When the right drink is a brew
SUN PHOTOS/LIZA MORROW
Beer connoisseurs Chad Coey, Rocky Fair
and John Paul Taylor enjoy a variety of brews.
On a warm Anna Maria Island evening, a good, cold, wet one is satisfying. But imagine a beer that did not merely satisfy, but enliven, invigorate, fortify and inspire?
Instead of the ordinary can of suds from the fridge, how about a lusty and frothy ale with aromas and flavors that captivate as well as satiate, stimulating the palate instead of stupefying it? A handcrafted porter, stout, lager or spirit.
Foamy, fruity … and flippant in name, Rogue Brewery beers were all the buzz at the Waterfront Restaurant on Thursday, Oct. 2. The tasting event was called Roguetoberfest. An evening of friends, neighbors, Frauleins, weisswurst, sausages, prizes, beer and plenty of it. Bottle after bottle of Rogue brews were opened, not only to quench the crowds thirst, but also for the beers to earn their due respect.
This is the work and passion of the owners of the Waterfront Restaurant. For three years Jason and Leah Suzor have sponsored a wine tasting each Thursday from Mother’s Day through February. However, every fifth Thursday is reserved for beer tasting.
Jason explained, "We do a lot of traveling to visit family out west and go snowboarding and skiing. I’ve always loved exotic beers . All the different flavors. We were surrounded by microbreweries and I got into discovering the best ones."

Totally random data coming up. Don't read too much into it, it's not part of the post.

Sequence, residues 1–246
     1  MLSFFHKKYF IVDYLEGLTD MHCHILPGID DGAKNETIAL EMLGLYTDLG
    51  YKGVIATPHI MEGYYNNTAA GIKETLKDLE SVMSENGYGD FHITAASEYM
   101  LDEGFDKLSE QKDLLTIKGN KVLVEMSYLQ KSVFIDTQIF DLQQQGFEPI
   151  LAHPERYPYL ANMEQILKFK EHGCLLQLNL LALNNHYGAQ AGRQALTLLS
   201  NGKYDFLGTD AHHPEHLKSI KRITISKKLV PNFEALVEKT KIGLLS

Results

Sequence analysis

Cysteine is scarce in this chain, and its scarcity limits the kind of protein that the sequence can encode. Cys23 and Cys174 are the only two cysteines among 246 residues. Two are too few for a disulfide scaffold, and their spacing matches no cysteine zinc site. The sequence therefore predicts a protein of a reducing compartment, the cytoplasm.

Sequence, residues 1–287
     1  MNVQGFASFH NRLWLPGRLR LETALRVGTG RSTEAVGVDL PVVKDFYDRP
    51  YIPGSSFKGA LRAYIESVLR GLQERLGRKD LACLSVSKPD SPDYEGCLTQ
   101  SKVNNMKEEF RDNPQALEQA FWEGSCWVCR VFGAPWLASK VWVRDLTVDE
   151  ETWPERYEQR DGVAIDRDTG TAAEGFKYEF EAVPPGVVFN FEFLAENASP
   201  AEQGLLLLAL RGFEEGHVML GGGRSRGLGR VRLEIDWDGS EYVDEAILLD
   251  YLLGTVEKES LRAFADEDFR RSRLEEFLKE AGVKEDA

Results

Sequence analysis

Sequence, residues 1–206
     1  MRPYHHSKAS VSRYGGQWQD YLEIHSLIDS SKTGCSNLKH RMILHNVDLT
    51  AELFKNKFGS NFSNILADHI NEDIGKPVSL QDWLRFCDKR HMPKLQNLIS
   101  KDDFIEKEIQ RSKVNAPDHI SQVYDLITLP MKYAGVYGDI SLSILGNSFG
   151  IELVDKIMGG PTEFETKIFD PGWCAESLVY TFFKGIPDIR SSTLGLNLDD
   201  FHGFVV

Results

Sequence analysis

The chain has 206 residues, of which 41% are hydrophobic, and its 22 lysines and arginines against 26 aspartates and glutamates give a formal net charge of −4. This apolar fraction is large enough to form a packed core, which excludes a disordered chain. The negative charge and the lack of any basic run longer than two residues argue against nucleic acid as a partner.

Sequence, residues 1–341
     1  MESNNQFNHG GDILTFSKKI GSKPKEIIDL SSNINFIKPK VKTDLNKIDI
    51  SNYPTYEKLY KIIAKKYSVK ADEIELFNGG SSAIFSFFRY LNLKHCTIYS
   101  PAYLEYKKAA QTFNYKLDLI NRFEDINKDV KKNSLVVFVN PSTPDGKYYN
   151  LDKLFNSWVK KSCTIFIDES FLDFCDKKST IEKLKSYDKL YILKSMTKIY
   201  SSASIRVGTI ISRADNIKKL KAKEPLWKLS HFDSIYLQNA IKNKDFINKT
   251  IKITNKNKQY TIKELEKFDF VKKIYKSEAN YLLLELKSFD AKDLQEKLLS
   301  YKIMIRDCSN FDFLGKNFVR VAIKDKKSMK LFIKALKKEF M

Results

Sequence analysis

Leah agreed, "I grew up in Germany and probably had my first taste of beer at 13 or 14. That sounds strange but in Germany beer is kinda a staple and well, legal to drink at 13."
Rogue Beers are one of the Suzors’ favorites. Even the name sounds exciting and in each glass of good, frothy beer there’s a story. It begins with an American revolution, the Craft Beer Revolution of the 1970s and 1980s. Young American brewers, often influenced by the traditional brewing styles of England, Germany and Belgium, decided to make their own beers. Each brew reflects the characters of the not only the hops which are added at varying times in the brewing process but the personalities of the brewers.
Rogue Brewery has its tale. In Oregon in 1987, two fraternity brothers, Jack Joyce and Bob Woodell, with friends Rob Strausser and Jeff Schiltz, started to infuse their home-brewed beer with bitterness and aromatics. Eventually, they joined up with a woman named Mo Neimi, who agreed to rent them a place to build a pub. The rent would be cheap if they agreed to hang a nude photograph of Mo, herself in the bathtub in their bar. The photograph of Mo still hangs today just left of the bar.
Different from the restrained aromas and flavors of English hops, American hops are a regular brass band, giving American pale ales their signature strident aromas of grapefruit, flowers and pine.